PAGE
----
Our historical Bagoas carried out many important diplomatic and governmental obligations like for instance escorting the Sacae (Scythian tribe) and the execution of unfaithful satraps. He must have been very talented, capable and influential – and then there were his dances, of course.

From all these bits and pieces, I would conclude that Bagoas must have occupied the highest rank after King Alexander and his Chiliarch Hephaistion. We’ll definitely have to welcome him with more consideration and reverence next time we talk about him. To me, he truly is “one of the boys” together with Alexander and Hephaistion!

[pictures of Bagoas taken from Oliver Stone's movie "Alexander"]


  1. I totally agree!
    I've been interested in Bagoas after reading Renault's novel years ago,
    lately, I decided I want to do more research into ancient sources, and indeed, Bagoas is no minor character.
    There are several resources risen separately that described Bagoas, which makes it highly unlikely that he is fabricated, like Tarn says.
    It is a pity that accounts of events of Bagoas are lost nowadays, but from the surviving sources, it isn't hard to see that Alexander was very fond of Bagoas.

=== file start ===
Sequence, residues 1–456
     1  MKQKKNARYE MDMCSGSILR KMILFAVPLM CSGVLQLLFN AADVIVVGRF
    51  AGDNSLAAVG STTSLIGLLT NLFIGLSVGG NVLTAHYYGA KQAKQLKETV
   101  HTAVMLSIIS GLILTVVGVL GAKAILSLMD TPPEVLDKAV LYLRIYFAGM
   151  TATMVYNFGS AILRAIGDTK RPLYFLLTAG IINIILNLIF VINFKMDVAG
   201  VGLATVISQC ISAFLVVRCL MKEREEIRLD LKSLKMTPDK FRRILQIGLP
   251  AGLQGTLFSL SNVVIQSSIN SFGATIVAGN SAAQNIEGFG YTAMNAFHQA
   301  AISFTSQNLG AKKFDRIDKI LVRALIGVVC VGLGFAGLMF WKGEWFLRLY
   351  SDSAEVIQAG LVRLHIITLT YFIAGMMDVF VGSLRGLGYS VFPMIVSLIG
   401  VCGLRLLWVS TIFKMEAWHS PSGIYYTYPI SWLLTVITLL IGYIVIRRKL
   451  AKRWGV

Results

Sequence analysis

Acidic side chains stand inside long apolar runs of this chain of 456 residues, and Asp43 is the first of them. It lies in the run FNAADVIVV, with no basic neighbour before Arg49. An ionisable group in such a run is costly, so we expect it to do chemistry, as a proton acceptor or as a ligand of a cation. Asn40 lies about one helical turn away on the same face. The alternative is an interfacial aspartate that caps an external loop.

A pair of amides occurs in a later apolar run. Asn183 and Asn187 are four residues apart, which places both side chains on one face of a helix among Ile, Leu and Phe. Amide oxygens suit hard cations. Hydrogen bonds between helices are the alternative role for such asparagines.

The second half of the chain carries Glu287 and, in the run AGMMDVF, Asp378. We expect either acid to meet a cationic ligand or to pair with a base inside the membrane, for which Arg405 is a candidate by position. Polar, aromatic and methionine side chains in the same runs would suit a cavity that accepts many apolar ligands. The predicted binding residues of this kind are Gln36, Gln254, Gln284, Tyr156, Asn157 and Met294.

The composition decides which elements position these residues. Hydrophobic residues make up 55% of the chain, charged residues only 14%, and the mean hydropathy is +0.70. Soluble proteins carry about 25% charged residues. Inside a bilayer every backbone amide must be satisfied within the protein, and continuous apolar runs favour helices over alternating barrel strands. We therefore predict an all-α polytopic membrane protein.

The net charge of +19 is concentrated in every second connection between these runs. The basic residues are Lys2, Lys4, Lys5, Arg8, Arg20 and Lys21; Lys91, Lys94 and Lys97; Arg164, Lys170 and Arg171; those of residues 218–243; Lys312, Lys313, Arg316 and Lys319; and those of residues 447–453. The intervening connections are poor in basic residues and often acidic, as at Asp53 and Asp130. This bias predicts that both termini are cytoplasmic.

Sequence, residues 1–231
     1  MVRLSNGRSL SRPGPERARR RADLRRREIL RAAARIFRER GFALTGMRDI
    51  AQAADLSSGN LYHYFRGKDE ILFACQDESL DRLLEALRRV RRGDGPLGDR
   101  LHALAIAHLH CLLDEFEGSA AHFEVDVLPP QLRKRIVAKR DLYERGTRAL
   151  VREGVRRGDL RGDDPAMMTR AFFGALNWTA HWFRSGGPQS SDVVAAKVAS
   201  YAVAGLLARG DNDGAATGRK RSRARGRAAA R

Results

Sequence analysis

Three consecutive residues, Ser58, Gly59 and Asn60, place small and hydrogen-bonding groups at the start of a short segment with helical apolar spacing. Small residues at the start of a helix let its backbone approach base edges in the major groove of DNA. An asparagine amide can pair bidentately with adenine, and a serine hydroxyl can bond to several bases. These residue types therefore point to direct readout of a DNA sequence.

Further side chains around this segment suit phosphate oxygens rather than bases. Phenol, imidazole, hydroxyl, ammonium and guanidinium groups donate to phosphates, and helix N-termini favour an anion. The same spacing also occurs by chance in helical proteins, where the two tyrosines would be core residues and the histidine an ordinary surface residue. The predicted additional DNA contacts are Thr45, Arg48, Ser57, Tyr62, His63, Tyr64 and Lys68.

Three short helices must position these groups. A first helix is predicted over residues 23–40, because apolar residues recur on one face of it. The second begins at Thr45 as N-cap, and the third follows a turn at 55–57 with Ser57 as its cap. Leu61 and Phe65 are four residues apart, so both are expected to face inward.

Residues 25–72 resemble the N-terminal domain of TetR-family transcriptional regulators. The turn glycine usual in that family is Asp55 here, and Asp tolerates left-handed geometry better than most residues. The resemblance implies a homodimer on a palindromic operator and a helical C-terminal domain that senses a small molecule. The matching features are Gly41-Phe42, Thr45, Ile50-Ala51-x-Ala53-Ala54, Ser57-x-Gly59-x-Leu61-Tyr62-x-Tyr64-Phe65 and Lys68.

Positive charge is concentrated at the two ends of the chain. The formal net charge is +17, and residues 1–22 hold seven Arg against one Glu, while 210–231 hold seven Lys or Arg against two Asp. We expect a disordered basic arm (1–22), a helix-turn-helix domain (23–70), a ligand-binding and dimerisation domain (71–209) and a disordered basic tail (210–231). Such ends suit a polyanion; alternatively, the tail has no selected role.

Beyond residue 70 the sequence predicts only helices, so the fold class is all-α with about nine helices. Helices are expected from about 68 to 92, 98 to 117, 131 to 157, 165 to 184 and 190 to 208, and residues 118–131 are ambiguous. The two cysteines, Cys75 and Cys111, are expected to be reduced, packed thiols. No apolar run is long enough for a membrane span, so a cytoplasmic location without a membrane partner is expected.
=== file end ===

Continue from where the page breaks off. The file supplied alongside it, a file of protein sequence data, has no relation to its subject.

1. Yes, you are right. Ancient historians are like today's journalists where the wars, executions and killings come in the news (Parmenion, Hermolaus, Philotas) but little is said about the "good guys", especially Hephaistion and Bagoas.
      They must have been very close to Alexander's heart. I think he didn't have many true friends, do you?

  2. Mostly likely he didn't. But I think he is lucky in comparison to other great figures in history, because at least he had some people (i.e.Hephaistion and Bagoas) that he truly cared for, most great emperors don't have anyone close to them

    1. You really gave me something to think about. Alexander can indeed call himself lucky for having such goods friends. Recently someone underscored Alexander’s special friendship (and respect, no doubt) with the Queen Mother of Persia, Sisygambis, and with the Queen of Caria, Ada (handled in details in the book “All Alexander’s Women” – see my Bookshelves). I don’t know any other great ruler who truly took the advice and/or listened to elderly people, particularly to women! And Alexander definitely was not the soft kind … Intriguing, to say the least!

  3. Here's a good Bagoas movie.

  4. everyone take no notice of harry hubbard, that link to the vid is his own vid, its not a bagoas movie dumbarse, stop taking the piss grrrrrrr, maybe you need to show some respect for a great king and show some respect to bagoas and while your at it show respect for the people who who adore bagoas

  5. harry your a fake, all you want in money, you have no care or respect for history